Since the current is continuously changing, so flux of 1^{st} coil will link with the flux of 2^{nd} coil and the same behavior for the 2^{nd} coil. If the magnetic flux of 1^{st} coil is linked with the flux of 2^{nd} coil in the same direction, then it is called **Adding connection of inductors or cumulatively coupled series circuit.** It means the entering of current in both coils is the same or the polarity is the same.

In the above circuit, we can see the direction of current along with the magnetic field is the same in both inductors. So, here M will be added to the self-inductances, which will increase its overall inductance and the equivalent equation will be:

**Differentially coupled series circuits ****/ ****Series Opposing Connection**

Since the current is continuously changing, so flux of 1^{st} coil will link with the flux of 2^{nd} coil and the same behavior for the 2^{nd} coil. If the magnetic flux of 1^{st} coil is linked with the flux of 2^{nd} coil in the opposite direction, then it is called the **Opposing connection of inductors or differentially coupled series circuits. **It means, the entering of current in both coils is different or the polarity is different.

In the above circuit, we can see the direction of current along with the magnetic field is opposite in both inductors. So, here M will be subtracted from the self-inductances, which will decrease the overall inductance and the equivalent equation will be:

During this mutual inductance phenomenon, any change in one coil will affect the other coil. Factor 2 is multiplied by M; it indicates that the phenomenon of mutual inductance is from both sides.

**Example with series inductors (neglecting the Mutual Inductance)**

Calculate the total inductance of the series combination, if two inductors of the 70mH and 30mH are connected in series. (Neglect the mutual inductance)

Given Data-

L_{1} = 70mH

L_{2} = 30mH

M = 0

We know that,

Therefore,

**Example with series inductors (Including the Mutual Inductance)**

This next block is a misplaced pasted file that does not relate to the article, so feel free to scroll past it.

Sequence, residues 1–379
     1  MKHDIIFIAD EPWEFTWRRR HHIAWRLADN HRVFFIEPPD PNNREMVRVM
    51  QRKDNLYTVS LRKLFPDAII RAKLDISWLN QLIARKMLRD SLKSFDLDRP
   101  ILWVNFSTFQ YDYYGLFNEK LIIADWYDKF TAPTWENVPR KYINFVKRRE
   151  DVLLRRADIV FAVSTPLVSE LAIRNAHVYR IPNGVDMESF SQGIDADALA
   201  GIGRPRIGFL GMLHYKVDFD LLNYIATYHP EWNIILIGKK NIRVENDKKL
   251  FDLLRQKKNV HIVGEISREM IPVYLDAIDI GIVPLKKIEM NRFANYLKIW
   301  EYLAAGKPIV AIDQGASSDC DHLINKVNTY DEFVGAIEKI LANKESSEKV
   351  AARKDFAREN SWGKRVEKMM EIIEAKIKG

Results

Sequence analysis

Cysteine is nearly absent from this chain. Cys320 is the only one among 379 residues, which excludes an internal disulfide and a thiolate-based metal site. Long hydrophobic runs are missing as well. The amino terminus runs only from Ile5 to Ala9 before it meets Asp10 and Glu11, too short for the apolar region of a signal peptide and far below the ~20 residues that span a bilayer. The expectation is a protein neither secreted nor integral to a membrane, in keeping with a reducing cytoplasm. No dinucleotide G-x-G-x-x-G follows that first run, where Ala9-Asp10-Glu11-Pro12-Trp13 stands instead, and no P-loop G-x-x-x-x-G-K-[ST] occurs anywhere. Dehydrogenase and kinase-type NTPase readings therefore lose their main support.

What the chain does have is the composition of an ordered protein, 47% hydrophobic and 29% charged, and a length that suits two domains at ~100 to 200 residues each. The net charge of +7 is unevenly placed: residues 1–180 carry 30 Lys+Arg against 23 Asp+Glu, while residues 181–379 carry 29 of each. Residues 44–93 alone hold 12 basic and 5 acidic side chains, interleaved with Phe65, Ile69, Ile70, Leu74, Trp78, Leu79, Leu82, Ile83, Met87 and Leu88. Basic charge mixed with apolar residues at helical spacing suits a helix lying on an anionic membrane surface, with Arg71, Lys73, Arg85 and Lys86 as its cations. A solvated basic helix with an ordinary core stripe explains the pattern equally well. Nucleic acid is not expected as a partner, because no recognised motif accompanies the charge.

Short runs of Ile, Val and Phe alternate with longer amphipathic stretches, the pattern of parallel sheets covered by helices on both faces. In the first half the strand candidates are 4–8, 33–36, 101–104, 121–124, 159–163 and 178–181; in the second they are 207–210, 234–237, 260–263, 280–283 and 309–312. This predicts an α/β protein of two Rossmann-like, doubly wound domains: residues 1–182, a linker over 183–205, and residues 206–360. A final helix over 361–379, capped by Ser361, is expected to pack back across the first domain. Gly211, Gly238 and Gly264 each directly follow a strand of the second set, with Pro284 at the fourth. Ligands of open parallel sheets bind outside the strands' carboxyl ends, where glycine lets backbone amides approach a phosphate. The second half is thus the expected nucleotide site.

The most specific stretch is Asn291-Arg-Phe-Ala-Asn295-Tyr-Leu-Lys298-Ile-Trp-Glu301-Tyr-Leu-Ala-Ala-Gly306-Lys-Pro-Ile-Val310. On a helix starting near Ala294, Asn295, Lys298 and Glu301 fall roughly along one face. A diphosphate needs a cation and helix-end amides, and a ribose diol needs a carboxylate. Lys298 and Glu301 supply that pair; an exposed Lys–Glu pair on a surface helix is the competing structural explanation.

**Example-1:** two inductors of the 50mH and 60mH are connected in series with a mutual inductance of 6mH, calculate the equivalent inductance of the series combination.

Given Data-

L_{1} = 50mH

L_{2} = 60mH

M =6mH

L_{T} = ?

**Example-2: **Calculate the mutual impedance of series combination, if two inductors are 20mH and 30mH, with the total inductance of the circuit is 70mH are connected in series.

Given data-

L_{1} = 20mH

L_{2} = 30mH

L_{T} = 70mH

M= ?

**Conclusion**

The inductor is a passive electrical component that can store the energy in form of a magnetic field. According to our needs, we can connect it in series, parallel, or series-parallel combinations. In series, inductors are connected in a chain, and total inductance is calculated just like resistors, and all inductances are added.

Current is the same through each inductor because there is only one path and total voltage is equal to the sum of all voltages across the inductors. There can be the effect of mutual inductance while connected in series or parallel.

In a Cumulatively coupled series circuit, the overall inductance will be increased because the magnetic flux of inductors will be linked with each other in the same direction due to the same polarity. On the other hand, in differentially coupled series circuits, the net inductance will be decreased, because the magnetic flux of inductors will be linked with each other in opposite directions due to different polarity.